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This article by Richard J. Skelly was prepared for the August 28, 2002 edition of U.S. 1 Newspaper. All rights reserved.
Jethro Tull: For Now, Forever
In the biography that accompanies his new album "Living
With The Past," bandleader and flute player Ian Anderson offers
up some answers to some "all too frequently asked questions."
Jethro Tull, the band Anderson formed in 1968 that has been around,
making records and touring in varying forms ever since. Asked how
long he plans to continue touring and recording, he responds: "As
long as it remains a challenge and my health permits. One year, ten
years, who knows? Then there are painting, writing, and other creative
indulgences to consider. Which will go first: the eyes, ears, or hands?
Fear of boredom in old age is my greatest concern."
Anderson, who is 55, was in Edinburgh, Scotland, in 1947. He was 20
when the group formed in Blackpool in 1967, and within a year was
trying to bust its way into London’s then-healthy nightclub scene.
Through the mid-1970s and into the early 1980s, Jethro Tull would
regularly sell out large arenas like New York’s Madison Square Garden.
"Back in February, 1968, we had many different names which usually
changed every week, since we were so bad that we had to pretend to
be some new band in order to get re-booked in the clubs where we aspired
to find fame and fortune," says Anderson.
"Our agent, who had studied history at college, came up with the
name Jethro Tull [after an 18th -entury English agricultural pioneer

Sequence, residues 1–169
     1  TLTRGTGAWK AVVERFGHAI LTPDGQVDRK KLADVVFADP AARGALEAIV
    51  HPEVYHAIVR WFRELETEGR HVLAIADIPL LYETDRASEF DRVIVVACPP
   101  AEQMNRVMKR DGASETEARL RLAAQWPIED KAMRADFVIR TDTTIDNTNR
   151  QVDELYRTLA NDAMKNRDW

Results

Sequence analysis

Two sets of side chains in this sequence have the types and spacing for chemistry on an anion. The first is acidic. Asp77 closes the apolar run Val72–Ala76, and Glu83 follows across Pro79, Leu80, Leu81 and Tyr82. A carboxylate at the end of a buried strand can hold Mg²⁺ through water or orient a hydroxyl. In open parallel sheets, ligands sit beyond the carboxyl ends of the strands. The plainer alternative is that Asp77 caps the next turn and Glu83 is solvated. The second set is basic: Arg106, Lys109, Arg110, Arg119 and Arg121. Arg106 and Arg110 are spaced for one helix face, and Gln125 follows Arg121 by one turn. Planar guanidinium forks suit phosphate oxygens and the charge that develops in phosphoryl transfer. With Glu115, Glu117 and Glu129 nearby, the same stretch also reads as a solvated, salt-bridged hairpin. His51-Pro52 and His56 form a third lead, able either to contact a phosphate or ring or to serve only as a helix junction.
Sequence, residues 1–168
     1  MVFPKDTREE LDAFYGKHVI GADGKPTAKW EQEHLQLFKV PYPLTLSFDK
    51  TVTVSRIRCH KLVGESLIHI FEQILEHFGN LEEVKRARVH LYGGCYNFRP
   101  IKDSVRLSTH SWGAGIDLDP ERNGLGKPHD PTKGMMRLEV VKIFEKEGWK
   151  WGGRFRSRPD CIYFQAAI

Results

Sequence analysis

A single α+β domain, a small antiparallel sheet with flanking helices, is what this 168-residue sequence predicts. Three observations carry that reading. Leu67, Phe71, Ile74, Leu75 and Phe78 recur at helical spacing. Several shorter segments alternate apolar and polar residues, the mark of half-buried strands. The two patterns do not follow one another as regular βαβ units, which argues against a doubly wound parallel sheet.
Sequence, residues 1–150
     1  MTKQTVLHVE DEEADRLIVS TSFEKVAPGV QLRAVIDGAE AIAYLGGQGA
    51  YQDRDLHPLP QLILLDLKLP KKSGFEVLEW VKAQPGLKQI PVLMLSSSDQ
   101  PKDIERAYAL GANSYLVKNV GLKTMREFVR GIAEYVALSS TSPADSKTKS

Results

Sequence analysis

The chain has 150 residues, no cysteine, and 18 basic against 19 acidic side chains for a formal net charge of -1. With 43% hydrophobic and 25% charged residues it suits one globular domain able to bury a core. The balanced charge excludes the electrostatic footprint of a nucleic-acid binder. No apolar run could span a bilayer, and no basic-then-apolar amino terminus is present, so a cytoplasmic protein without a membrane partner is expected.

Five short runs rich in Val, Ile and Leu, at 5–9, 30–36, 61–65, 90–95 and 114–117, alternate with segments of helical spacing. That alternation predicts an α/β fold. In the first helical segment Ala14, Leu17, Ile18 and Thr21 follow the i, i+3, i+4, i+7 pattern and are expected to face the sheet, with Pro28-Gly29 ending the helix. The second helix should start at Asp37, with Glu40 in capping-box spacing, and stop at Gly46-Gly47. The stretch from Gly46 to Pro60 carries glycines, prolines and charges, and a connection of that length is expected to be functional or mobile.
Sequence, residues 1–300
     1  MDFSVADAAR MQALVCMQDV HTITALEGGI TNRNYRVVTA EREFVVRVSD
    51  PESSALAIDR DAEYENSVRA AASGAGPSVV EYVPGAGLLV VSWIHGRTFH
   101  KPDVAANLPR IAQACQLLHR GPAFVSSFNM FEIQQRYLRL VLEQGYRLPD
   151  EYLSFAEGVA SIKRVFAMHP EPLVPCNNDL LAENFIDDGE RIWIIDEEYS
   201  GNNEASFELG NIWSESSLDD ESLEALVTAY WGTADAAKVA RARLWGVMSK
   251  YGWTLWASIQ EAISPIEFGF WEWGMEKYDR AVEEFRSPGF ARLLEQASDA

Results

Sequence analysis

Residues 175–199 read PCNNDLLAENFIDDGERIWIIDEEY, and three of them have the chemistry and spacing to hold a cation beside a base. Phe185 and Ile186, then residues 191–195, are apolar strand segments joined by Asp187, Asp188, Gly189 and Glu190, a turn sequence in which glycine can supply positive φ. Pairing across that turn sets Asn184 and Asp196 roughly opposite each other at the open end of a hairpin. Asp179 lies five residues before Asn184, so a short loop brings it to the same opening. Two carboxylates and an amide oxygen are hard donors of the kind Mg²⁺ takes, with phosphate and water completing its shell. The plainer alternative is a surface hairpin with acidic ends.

who invented the seed drill]. That was the band name during the week
in which London’s famous Marquee Club offered us the Thursday night
residency. So it stuck. Was it too late to change? I thought so."
Not surprisingly for the times, Jethro Tull began as a blues-based
band with some bebop jazz influences. Although Anderson also plays
guitar, harmonica, and mandolin in the current lineup, he and others
in the group were heavily influenced by the music of 1960s bebop saxophonist
Rahsaan Roland Kirk. Kirk, who died of a stroke at age 48 in the early
1970s, was famous for playing three saxophones at once and for his
circular breathing technique that allowed him to play continuous three
and four minute solos.
Jethro Tull had its first success at the 1968 Sunbury Jazz and Blues
Festival in England. The band made its first U.S. tour in 1969, based
on the radio airplay the band was getting for "Stand Up,"
their second release in 1969. One of the more popular tunes for airplay
on that album was Anderson’s flute instrumental based on a Bach "Bouree."
The band’s previous release, "This Was," featured Anderson’s
version of Kirk’s tune, "Serenade To A Cuckoo." While there
have been many personnel changes since the early 1970s, Anderson and
guitarist Martin Barre have stayed.
These days, the lineup for Jethro Tull includes Anderson, with longtime
member Martin Barre on electric guitar; Doane Perry on drums, Andrew
Giddings on keyboards, and Jonthan Noyce on bass.
On the current tour, the band is performing classic chestnuts from
the late 1960s and early ’70s, much of which can be heard on the current
release, "Living With The Past," a whopping 78-minute compact
disc that has just been released on Fuel 2000 Records. Anderson and
company will play newer material like "Roots To Branches"
as well as the old classics, "Aqualung," "Living In The
Past," "Locomotive Breath," and "My Sunday Feeling."
Asked if he hates playing the same old songs night after night, Anderson
responds: "If they were not decent songs, then I certainly would,
but I am lucky to have a good collection of material which I still
"There are over 250 songs to choose from. Anyway, much of Tull’s
music contains elements of improvisation, so the songs are never the
same two nights running. There is always some scope for variation
and interpretation in each performance. A Tull concert wouldn’t be
the same without some of `Locomotive Breath.’ Well, for me at any
— Richard J. Skelly
West Lafayette Street, Trenton, 609-984-8400. Opening by Alana Davis.
$38.50 to $68.50. Wednesday, August 28, 7:30 p.m.
$15.25 to $42.75. Suzanne Vega opens the show. Thursday, August
29, 7:30 p.m.
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